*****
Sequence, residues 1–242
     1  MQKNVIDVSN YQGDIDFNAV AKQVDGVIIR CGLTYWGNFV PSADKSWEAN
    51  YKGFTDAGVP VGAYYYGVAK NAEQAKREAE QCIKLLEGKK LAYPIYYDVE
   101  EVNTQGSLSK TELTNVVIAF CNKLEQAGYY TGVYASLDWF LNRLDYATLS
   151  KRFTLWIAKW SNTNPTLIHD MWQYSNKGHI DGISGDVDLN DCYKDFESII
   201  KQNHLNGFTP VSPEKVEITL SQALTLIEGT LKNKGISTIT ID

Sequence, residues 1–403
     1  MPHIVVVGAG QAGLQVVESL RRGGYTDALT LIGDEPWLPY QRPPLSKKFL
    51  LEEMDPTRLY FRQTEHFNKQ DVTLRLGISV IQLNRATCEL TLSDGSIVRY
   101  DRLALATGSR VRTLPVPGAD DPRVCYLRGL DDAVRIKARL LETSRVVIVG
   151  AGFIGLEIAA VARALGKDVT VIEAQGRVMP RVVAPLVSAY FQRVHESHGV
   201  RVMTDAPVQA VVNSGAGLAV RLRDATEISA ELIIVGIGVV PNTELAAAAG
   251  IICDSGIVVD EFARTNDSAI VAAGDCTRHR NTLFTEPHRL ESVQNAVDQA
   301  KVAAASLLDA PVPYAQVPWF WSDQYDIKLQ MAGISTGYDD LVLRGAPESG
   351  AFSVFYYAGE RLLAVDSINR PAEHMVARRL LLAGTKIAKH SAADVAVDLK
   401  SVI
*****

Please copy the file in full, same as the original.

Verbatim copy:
Sequence, residues 1–242
     1  MQKNVIDVSN YQGDIDFNAV AKQVDGVIIR CGLTYWGNFV PSADKSWEAN
    51  YKGFTDAGVP VGAYYYGVAK NAEQAKREAE QCIKLLEGKK LAYPIYYDVE
   101  EVNTQGSLSK TELTNVVIAF CNKLEQAGYY TGVYASLDWF LNRLDYATLS
   151  KRFTLWIAKW SNTNPTLIHD MWQYSNKGHI DGISGDVDLN DCYKDFESII
   201  KQNHLNGFTP VSPEKVEITL SQALTLIEGT LKNKGISTIT ID

Sequence, residues 1–403
     1  MPHIVVVGAG QAGLQVVESL RRGGYTDALT LIGDEPWLPY QRPPLSKKFL
    51  LEEMDPTRLY FRQTEHFNKQ DVTLRLGISV IQLNRATCEL TLSDGSIVRY
   101  DRLALATGSR VRTLPVPGAD DPRVCYLRGL DDAVRIKARL LETSRVVIVG
   151  AGFIGLEIAA VARALGKDVT VIEAQGRVMP RVVAPLVSAY FQRVHESHGV
   201  RVMTDAPVQA VVNSGAGLAV RLRDATEISA ELIIVGIGVV PNTELAAAAG
   251  IICDSGIVVD EFARTNDSAI VAAGDCTRHR NTLFTEPHRL ESVQNAVDQA
   301  KVAAASLLDA PVPYAQVPWF WSDQYDIKLQ MAGISTGYDD LVLRGAPESG
   351  AFSVFYYAGE RLLAVDSINR PAEHMVARRL LLAGTKIAKH SAADVAVDLK
   401  SVI